Rhodes Travel Guide

eating

Rhodes Island, Greece.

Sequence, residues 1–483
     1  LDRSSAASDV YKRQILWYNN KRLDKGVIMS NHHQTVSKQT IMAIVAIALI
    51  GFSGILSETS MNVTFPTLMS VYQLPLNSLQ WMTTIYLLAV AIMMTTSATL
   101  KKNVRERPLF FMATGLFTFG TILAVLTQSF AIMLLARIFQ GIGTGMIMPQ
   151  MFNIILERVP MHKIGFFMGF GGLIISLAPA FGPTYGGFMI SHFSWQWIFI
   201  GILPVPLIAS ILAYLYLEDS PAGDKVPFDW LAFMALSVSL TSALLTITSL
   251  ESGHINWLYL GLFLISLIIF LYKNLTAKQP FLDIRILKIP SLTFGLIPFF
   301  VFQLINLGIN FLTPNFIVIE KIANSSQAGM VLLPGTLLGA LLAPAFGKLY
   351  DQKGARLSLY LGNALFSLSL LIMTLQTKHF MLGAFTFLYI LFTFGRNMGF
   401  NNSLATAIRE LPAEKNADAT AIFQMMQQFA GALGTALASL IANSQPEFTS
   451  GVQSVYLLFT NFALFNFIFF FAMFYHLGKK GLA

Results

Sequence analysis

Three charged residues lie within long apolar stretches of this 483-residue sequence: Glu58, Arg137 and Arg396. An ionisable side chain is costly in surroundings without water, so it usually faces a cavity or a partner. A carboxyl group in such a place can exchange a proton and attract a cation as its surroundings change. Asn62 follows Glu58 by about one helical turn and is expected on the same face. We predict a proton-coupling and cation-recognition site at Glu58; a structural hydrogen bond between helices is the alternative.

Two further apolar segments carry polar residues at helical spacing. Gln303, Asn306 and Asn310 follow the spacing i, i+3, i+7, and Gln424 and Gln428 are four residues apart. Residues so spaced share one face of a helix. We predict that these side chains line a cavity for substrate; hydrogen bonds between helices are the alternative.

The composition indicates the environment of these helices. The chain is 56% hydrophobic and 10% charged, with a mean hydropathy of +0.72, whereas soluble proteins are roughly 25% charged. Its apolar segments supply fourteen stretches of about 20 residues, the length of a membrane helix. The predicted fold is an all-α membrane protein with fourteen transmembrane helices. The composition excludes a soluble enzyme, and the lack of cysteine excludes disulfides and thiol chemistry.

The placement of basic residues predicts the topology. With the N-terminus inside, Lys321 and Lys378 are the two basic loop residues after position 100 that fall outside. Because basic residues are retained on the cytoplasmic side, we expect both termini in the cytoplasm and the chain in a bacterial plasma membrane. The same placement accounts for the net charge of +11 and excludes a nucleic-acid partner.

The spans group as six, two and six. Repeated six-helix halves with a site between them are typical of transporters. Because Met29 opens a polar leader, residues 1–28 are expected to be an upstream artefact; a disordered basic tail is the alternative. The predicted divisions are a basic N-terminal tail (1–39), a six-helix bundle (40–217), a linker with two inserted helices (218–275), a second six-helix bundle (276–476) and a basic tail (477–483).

Rhodes offers some of the best and most varied eating possibilities in the Aegean— although in the city itself, the visitor will need to explore outside the Old Town to sample the best Greek food. Within the walls of the Old Town, unimaginative and often overpriced tourist-fare prevails; we would suggest only: the -Marco Polo (see lodging, above); Dinoris Restaurant (upper medium price) in a tiny alley across from the entrance to the Archaeological Museum— an elegant and traditional taverna of long standing, one of the few in the Old Town regularly frequented by locals; Photis Restaurant (expensive; open all year) in Menekléous Street—also an elegant and well-established fish restaurant, where the undoubted high quality and presentation of its dishes compensates for the hauteur of the reception and service. At lunchtime, -Indigo (medium price), inside the Nea Agorá market building (at no.105/6) beside Mandraki harbour, offers delicious, finely prepared dishes from the cuisine of Greek Asia Minor. Further afield (but without question worth the short taxi-ride) in Zephyros, southeast of the city centre, is the -Paragadi fish restaurant (medium expensive; corner of Klaude Pepper & Australias Streets: reservation recommended, T. 22410 37775) with an exceptional quality of service and of seafood and fish dishes, prepared in the best and simplest manner. This is one of the best fish restaurants in the Dodecanese. Nearby, open all year, and usually packed with locals, is To Steki tou Cheila (inexpensive) at the southern end of Kodringtonou St., on the corner of Hadjiangelou and Dendrinou Sts: the symiakó (tiny shrimps) and the wine are both fresh and delicious.